Three likely outcomes of the Iran nuclear talks

Three likely outcomes of the Iran nuclear talks

The likely outcomes of the Iran nuclear deal, the impacts on economic prospects for Iran, and how international investors are likely to position themselves in the coming months.

With the November 24th deadline for the conclusion of a permanent agreement on Tehran’s nuclear program fast approaching, it is still unclear if negotiators can clinch a final deal. Others have extensively covered the key issues at stake, whether the P5+1 or Iran has been the party unduly obstinate in the talks, and the resulting impact on regional stability.

Whatever the final outcome, however, we know that it will significantly affect the short-term economic prospects for Iran, including the political risk assessment of major new foreign investment in the Iranian economy.  There are three potential outcomes a month from now, each of which will generate a set of disparate economic and financial results.

The first outcome, and the one regarded as most likely, is that the two sides remain too far apart to produce a grand compromise, but also recognize that a collapse of diplomacy is harmful for all involved. Accordingly, they choose to kick the can down the road and agree to another extension of the interim agreement that caps Iran’s nuclear program for the time being in exchange for modest sanctions relief and the continued assurance that no further sanctions are forthcoming. This extension, anywhere from as short as three months to as long as a full year, allows for talks to continue on a permanent agreement while essentially freezing the status quo.

Under this scenario, Iran’s economy will continue to plod along, neither generating enough growth to follow through on President Rouhani’s campaign promise to reenergize the domestic economy, but also protecting against a significant recession. An extension may afford Iran access to additional funds currently frozen in overseas financial institutions.

While the global sanctions regime will remain constant, a relaxation of enforcement at the edges will likely occur, given the demand of firms in states like India, China, and Turkey to regain access to Iranian markets and Tehran’s readiness to facilitate such evasion through smuggling and other black market activities. Nevertheless, major Western corporations will continue to move slowly on returning to Iran, mindful of the legal and reputational risks of doing so.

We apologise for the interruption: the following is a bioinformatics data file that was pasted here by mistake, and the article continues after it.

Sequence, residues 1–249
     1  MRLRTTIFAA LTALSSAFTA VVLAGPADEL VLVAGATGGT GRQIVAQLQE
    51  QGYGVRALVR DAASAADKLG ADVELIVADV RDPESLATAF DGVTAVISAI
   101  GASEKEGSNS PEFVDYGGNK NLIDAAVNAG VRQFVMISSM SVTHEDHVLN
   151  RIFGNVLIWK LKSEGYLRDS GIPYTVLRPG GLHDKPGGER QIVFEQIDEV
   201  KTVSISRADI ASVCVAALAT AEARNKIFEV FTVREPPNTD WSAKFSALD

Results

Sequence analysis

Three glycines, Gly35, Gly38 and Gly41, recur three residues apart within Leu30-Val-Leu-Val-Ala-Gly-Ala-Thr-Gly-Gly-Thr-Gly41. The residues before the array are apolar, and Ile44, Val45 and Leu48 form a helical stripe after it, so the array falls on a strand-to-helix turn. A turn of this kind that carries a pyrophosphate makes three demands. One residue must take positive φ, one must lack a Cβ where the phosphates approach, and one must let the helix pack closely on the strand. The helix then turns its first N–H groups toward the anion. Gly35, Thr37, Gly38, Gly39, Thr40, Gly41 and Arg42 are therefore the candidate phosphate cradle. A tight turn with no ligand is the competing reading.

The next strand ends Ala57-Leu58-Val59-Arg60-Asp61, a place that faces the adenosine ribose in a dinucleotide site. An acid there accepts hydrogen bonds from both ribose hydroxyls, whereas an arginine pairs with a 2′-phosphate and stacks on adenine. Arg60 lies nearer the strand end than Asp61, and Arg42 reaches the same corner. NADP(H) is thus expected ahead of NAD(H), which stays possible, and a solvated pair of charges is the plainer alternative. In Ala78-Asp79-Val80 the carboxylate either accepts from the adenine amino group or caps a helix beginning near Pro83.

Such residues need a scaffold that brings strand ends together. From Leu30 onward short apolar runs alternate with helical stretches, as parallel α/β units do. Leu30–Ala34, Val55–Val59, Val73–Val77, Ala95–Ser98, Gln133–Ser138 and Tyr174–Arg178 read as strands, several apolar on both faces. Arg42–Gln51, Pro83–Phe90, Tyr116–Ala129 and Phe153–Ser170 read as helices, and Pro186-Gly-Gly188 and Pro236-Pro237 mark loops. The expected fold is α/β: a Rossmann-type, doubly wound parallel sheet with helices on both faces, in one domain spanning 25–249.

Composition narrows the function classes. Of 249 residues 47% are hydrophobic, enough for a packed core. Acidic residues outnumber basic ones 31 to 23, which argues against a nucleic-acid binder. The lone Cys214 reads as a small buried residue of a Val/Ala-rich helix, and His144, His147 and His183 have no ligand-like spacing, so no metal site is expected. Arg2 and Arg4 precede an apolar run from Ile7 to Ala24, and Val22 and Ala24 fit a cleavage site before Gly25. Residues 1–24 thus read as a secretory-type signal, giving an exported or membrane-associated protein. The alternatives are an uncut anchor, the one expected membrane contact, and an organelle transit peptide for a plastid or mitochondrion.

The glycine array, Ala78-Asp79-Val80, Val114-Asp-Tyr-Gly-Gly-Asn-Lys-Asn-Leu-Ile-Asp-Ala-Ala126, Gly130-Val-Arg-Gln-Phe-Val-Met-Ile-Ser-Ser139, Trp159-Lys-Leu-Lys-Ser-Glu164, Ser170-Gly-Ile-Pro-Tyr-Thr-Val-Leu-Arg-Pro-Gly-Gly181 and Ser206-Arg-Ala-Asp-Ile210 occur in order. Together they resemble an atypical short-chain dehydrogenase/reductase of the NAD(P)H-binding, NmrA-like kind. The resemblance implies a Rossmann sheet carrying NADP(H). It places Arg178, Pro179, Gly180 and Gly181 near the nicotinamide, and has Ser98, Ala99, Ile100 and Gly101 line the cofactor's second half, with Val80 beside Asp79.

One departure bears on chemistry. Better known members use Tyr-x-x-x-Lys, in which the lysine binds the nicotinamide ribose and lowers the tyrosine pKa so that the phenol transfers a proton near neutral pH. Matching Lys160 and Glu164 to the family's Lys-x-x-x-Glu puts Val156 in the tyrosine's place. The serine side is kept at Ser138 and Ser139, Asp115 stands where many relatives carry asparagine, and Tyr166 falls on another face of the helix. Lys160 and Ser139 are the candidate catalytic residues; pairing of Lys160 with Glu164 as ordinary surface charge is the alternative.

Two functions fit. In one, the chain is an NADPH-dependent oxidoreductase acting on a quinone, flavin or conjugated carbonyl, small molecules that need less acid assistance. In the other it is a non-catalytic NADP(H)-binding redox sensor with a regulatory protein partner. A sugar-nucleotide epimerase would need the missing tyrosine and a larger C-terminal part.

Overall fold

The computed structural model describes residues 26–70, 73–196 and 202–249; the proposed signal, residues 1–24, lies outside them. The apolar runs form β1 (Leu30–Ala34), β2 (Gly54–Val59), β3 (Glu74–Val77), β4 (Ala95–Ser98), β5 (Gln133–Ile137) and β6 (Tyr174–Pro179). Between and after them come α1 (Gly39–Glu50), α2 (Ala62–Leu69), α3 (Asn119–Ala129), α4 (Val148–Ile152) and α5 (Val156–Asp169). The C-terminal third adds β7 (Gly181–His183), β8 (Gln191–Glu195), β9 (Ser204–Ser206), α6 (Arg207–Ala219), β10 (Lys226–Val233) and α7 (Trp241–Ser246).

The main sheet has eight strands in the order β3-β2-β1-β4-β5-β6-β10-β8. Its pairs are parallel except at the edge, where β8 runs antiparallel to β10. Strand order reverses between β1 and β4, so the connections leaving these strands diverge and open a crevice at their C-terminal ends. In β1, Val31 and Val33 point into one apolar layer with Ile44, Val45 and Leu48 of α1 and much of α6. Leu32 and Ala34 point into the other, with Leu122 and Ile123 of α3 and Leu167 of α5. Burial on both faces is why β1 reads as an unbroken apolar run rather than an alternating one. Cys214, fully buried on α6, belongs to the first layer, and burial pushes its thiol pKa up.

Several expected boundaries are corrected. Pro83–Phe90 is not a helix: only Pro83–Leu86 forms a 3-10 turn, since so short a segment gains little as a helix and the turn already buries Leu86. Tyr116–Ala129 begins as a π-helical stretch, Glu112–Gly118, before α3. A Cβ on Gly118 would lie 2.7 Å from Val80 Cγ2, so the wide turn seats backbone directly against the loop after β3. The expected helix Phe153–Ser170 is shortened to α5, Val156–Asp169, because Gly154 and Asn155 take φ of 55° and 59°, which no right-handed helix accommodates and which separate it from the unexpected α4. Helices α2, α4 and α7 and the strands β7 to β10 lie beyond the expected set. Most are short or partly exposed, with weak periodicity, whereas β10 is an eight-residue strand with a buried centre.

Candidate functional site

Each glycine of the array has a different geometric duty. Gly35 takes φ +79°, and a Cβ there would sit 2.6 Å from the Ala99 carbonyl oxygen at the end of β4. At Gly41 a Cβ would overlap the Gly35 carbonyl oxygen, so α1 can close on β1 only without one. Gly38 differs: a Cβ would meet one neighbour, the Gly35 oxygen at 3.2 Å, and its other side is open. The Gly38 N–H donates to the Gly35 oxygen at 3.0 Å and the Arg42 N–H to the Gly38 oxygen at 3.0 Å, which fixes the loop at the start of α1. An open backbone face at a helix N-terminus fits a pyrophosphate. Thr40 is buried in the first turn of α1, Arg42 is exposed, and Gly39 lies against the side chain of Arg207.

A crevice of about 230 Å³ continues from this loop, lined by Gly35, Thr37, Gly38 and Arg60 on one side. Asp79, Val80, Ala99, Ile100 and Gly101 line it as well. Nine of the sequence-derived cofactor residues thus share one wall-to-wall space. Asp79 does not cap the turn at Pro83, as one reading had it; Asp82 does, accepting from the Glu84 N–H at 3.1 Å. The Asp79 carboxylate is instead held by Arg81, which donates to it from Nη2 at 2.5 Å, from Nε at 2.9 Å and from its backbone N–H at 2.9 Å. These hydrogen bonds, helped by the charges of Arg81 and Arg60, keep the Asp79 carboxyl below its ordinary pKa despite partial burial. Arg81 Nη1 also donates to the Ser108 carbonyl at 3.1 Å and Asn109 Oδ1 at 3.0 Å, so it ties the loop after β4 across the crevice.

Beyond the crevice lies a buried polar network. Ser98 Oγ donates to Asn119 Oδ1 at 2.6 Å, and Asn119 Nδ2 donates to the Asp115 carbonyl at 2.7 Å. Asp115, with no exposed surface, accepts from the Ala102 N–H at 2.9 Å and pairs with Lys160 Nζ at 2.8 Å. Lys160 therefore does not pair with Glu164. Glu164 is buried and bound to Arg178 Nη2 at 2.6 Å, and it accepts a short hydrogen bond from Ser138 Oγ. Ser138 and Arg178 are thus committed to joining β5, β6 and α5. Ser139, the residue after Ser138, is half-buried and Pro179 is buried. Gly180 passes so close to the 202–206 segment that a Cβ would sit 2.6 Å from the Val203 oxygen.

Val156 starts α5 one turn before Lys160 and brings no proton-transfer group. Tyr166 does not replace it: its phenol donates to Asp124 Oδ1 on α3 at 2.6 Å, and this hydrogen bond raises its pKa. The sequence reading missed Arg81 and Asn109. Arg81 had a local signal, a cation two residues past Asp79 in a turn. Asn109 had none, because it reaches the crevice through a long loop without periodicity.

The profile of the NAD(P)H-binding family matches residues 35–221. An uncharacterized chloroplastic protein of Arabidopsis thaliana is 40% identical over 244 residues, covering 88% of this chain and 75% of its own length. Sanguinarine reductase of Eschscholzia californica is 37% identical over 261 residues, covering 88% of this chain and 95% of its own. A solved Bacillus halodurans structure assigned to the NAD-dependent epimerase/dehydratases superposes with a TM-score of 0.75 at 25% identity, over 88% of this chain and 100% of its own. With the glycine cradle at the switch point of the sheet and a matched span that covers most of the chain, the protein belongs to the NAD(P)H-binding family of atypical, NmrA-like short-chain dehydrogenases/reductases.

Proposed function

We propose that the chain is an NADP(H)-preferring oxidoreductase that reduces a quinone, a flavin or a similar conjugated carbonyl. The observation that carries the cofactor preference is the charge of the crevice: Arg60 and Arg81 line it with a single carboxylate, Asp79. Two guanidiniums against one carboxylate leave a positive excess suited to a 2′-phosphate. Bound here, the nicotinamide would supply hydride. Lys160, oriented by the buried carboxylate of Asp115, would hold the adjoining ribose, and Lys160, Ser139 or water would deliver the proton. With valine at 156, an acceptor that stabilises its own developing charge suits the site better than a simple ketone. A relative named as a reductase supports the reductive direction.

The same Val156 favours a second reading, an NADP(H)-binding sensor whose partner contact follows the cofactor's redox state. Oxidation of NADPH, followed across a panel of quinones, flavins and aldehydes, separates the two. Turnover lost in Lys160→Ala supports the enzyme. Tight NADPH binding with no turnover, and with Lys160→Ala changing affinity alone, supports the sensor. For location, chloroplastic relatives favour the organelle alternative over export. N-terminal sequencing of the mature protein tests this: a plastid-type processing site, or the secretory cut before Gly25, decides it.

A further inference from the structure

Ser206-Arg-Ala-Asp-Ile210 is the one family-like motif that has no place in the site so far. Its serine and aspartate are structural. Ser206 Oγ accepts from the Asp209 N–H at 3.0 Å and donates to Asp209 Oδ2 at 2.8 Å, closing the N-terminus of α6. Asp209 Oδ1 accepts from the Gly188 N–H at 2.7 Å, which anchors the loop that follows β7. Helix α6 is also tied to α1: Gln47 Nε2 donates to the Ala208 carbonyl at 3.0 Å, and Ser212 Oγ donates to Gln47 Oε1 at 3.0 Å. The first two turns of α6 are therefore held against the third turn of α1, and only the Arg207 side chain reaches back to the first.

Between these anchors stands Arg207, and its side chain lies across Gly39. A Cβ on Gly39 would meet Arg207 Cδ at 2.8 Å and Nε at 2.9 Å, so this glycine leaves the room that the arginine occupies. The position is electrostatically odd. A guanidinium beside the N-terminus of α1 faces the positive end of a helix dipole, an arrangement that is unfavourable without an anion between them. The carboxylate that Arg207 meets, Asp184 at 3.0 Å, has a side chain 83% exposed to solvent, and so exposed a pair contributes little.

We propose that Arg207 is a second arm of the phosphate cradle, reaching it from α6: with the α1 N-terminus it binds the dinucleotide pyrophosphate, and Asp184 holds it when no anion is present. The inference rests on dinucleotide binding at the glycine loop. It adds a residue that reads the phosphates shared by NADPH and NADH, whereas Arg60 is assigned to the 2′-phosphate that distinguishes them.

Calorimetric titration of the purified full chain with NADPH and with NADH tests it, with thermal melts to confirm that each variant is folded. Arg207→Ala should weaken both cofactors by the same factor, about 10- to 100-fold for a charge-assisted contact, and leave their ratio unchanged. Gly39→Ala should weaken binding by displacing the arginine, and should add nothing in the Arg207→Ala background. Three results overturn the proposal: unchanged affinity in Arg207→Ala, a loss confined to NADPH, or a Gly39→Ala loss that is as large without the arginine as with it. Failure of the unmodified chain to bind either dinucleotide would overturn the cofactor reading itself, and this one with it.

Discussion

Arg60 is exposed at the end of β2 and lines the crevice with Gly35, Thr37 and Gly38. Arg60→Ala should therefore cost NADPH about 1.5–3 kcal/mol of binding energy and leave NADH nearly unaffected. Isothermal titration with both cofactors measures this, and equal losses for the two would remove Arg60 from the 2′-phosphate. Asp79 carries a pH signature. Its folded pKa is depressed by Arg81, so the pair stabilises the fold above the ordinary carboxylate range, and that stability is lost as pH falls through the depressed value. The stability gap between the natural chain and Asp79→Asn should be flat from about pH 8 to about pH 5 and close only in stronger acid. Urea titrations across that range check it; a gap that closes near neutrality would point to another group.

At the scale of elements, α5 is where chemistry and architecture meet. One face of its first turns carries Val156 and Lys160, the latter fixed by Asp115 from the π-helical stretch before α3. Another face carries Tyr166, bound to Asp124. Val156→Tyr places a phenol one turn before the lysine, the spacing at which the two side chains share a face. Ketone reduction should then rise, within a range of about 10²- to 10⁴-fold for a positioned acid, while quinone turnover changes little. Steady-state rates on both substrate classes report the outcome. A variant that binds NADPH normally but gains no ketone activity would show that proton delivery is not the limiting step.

The second outcome, one now slightly more plausible in the wake of optimistic remarks on the negotiations from lead U.S. negotiator Wendy Sherman last week, is that a breakthrough is achieved and a final deal is concluded next month or shortly thereafter. It is important to acknowledge that any comprehensive deal will likely facilitate only a gradual suspension and dismantlement of sanctions, as the P5+1 will want to keep Iran’s feet to the fire prior to permanent lifting of these penalties.

But make no mistake: conclusion of a final deal will start the sounding gun for a Gold Rush-like frenzy into Iran as companies rush to secure their market position in an economy with significant long-term potential. European entities will likely have an advantage owing to their previous commercial relationships with Iran. Russian and Chinese firms are also likely to exercise leverage owing to their governments’ closer ties with Tehran. But a clear message will resonate around the world: Iran is once again open for business.

The third, and least likely, outcome is a collapse of diplomacy. Under this scenario, the failure to reach an agreement next month incites hardliners in both Tehran and Washington, leading to pressure on one or both sides to pull out of the negotiations, declaring the other side is too hardheaded to make further talks worthwhile. An immediate atmosphere of escalation takes over, with the military option once again touted as being back on the table, whether by Israel, the United States, or some combination thereof.

Iran’s economy is hard hit if this outcome materializes. No multinational corporation is likely to contemplate resumed investment in this atmosphere. Putting aside the legal implications of continued sanctions that may further intensify in the near term, the geopolitical atmosphere would also be too risky to proceed with a significant inflow of resources into Iran. The prospect of military action, no matter how unrealistic, is enough to put a chill into any conversations on deal-making.

One last wild card exists. In recent months, crude oil prices have sharply declined, with a 20 percent drop since the start of the summer alone, exacting greater pressure on Iran’s economy. If this decline continues or accelerates in the coming weeks, it may make a final deal more likely if the Iranian leadership recognizes that its economy will crater unless it takes action to stem the bleeding.

Moreover, in the event of a final agreement, a lower market price for crude oil may temper the enthusiasm of multinational oil firms to re-enter the Iranian market as they may wish to hold off on long-term investments until they can be assured of a profitable market return.

About Author

Jofi Joseph

Jofi is an experienced national security professional who has served in senior level positions on Capitol Hill and in the Executive Branch, with a particular focus on WMD proliferation and homeland security issues. He worked on U.S. policy toward Iran’s nuclear program and participated in P5+1 negotiations with Iran as a White House National Security Council staffer from 2011 to 2013.